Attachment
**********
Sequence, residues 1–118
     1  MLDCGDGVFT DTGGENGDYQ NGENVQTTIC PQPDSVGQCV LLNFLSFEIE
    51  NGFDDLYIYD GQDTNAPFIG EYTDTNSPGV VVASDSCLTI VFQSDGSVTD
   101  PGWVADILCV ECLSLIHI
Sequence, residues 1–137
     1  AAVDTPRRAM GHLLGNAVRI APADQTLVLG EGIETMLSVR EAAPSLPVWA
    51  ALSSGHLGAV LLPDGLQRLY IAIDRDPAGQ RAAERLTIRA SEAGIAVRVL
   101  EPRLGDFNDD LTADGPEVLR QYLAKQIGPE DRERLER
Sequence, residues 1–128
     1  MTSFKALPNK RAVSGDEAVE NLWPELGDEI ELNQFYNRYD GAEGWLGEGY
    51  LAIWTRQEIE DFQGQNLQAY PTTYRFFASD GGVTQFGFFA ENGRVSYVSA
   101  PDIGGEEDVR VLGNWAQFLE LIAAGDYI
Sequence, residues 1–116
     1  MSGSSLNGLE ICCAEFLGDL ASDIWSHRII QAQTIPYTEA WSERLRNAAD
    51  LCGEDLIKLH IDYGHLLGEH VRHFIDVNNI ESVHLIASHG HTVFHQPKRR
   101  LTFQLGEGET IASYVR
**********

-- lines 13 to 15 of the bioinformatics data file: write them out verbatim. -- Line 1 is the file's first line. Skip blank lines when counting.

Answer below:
Sequence, residues 1–116
     1  MSGSSLNGLE ICCAEFLGDL ASDIWSHRII QAQTIPYTEA WSERLRNAAD
    51  LCGEDLIKLH IDYGHLLGEH VRHFIDVNNI ESVHLIASHG HTVFHQPKRR